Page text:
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Revista Brasileira de Psiquiatria

versão impressa ISSN 1516-4446versão On-line ISSN 1809-452X

Rev. Bras. Psiquiatr. v.29 n.1 São Paulo mar. 2007

http://dx.doi.org/10.1590/S1516-44462007000100028 

CARTAS AOS EDITORES

 

Aripiprazole worsening positive symptoms and memantine reducing negative symptoms in a patient with paranoid schizophrenia

 

Aripiprazol piorando os sintomas positivos e memantina reduzindo os sintomas negativos em um paciente com esquizofrenia paranóide

 

 

Case report

A 72-year old patient, diagnosed as paranoid schizophrenic according to DSM-IV, first became ill at 30 years. In August 2003, she was living in an institution. Her speech was disorganized and poor, and its content was non-systematic and paranoid. She took no part in activities and waited passively for family visits. During this period she was in use of haloperidol 1 mg, promethazine 25 mg, estazolam 2 mg and clonazepam 2 mg (only when aggressive). In August 2003, aripiprazole was introduced, initially at a dose of 7.5 mg/day, which was increased to 15 mg/day one month later. The other medications were stopped except for estazolam. In October 2003, she appeared happier, more active and communicative. In January 2004, she had a psychotic outbreak with paranoid delusion and aggression. On this occasion, trifluoperazine was introduced at a dose of 7.5 mg/day, and aripiprazole was maintained at 15 mg/day. In April 2004, the patient's positive symptoms had improved, and in May trifluoperazine was stopped and aripiprazole 15 mg was maintained. Two weeks later the positive symptoms, paranoid delusion and aggression, returned and trifluoperazine was reinitiated at 7.5 mg/day. Aripiprazole was reduced to 7.5 mg/day, while trifluoperazine was maintained at 7.5 mg/day until August 2004. The patient became apathetic, and trifluoperazine was then stopped in January 2005. In March 2005, the patient was receiving 7.5 mg of aripiprazole, she had no prominent paranoid symptomatology; however, her speech was disorganized and poor, she had a significant reduction in memory fixation, spoke very slowly and stiltedly. In June 2005, memantine (10 mg/day) was added. In the following six months, the patient underwent an improvement in mood, requested to participate in social activities, became more communicative, and had a significant improvement in verbal fluency. In January 2006, memantine was stopped and after two months the patient became apathetic, her verbal fluency deteriorated again, she spoke stiltedly, was non-participative and made no requests. In March 2006, memantine was reintroduced at 10 mg/day and the patient became livelier again. She once again requested relatives to allow her to take part in gymnastics and to go out more. Three other clinical cases have been reported on the improvement in negative symptoms following the association of memantine in female patients who had been diagnosed with schizophrenia and who were in use of second-generation antipsychotics.1 In the case presented here, higher doses of aripiprazole appeared to exacerbate positive symptoms in a chronic schizophrenic patient. The combination of aripiprazole with a first-generation antipsychotic and a later reduction in the dose of aripiprazole led to an improvement in positive symptomatology.2 According to the IQ-PANSS clinical ratings, an improvement in negative symptoms occurred in the patient following initiation of aripiprazole (-5), and another improvement after memantine therapy (-16) (Table 1).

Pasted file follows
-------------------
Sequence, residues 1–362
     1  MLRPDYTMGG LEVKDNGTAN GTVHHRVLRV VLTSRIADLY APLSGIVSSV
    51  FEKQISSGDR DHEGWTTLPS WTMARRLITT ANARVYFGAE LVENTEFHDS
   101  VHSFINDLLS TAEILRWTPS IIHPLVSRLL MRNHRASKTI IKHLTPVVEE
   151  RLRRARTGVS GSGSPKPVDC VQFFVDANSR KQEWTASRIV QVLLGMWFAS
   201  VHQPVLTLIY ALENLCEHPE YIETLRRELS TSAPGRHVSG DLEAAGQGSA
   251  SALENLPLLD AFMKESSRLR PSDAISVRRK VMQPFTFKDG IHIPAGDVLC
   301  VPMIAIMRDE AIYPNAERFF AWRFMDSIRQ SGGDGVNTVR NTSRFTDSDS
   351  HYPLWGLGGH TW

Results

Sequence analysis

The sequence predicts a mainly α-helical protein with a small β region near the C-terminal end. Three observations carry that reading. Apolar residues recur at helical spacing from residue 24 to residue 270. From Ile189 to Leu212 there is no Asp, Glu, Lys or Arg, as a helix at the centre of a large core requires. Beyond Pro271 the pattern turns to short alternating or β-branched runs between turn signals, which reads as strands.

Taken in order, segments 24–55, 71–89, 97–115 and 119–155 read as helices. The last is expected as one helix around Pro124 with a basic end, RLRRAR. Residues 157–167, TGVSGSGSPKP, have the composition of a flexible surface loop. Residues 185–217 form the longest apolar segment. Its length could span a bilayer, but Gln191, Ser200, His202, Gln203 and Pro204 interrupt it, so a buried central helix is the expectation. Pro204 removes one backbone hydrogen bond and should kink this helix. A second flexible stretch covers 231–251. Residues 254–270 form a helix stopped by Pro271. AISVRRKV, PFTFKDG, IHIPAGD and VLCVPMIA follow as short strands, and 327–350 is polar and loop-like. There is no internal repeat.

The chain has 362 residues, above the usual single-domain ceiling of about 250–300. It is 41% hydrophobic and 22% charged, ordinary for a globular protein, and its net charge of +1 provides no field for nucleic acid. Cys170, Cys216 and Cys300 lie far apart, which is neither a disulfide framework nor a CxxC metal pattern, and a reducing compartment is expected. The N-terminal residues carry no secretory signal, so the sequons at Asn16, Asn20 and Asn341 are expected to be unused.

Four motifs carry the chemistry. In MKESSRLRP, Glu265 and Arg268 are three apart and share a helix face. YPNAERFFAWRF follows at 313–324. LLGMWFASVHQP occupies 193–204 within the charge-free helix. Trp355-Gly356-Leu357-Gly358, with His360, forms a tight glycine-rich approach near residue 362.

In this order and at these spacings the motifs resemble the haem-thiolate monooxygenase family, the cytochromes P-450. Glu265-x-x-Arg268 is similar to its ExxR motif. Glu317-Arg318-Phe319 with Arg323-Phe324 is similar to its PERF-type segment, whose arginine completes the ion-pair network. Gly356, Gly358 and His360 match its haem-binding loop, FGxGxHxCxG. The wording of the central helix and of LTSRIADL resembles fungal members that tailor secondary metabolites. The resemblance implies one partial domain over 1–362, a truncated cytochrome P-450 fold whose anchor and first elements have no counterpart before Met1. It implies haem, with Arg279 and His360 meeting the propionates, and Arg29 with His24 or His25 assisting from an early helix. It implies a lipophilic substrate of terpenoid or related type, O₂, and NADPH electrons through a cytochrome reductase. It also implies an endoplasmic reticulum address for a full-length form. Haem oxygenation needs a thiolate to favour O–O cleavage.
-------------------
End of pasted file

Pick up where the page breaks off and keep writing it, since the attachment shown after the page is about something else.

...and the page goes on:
Since the patient was elderly, the Mini Mental State Examination was also used for her evaluation during the use of memantine and following discontinuation of the drug. No significant change was registered in this scale; therefore, the possible effect of memantine on the symptoms of dementia does not seem to be the most important aspect of this case. Although it was not feasible to assess the possible effects of memantine on preclinical dementia symptoms, this case suggests that memantine, as a result of its antagonistic effect on NMDA receptors, may have improved mood, social integration and verbal fluency in a patient with negative schizophrenic symptoms in treatment with second-generation antipsychotics.

 

Milena Pereira Pondé
Escola Bahiana de Medicine e Saúde Pública (EBMSP),
Salvador (BA), Brazil

Camila Marinho Novaes
Escola Bahiana de Medicina e Saúde Pública (EBMSP),
Salvador (BA), Brazil
Fundação de Amparo à Pesquisa
do Estado da Bahia (FAPESB) fellow

 

References

1. Gama CS, Antunes P, Moser C, Belmonte-de-Abreu PS. Memantine as an adjunctive therapy for schizophrenia negative symptoms. Rev Bras Psiquiatr. 2005;27(3):257-8.

2. Gaszner P. Clinical observations with aripiprazole in schizophrenia. Neuropsychopharmacol Hung. 2006;8(1):29-32.

 

 

Financing: None
Conflict of interests: None

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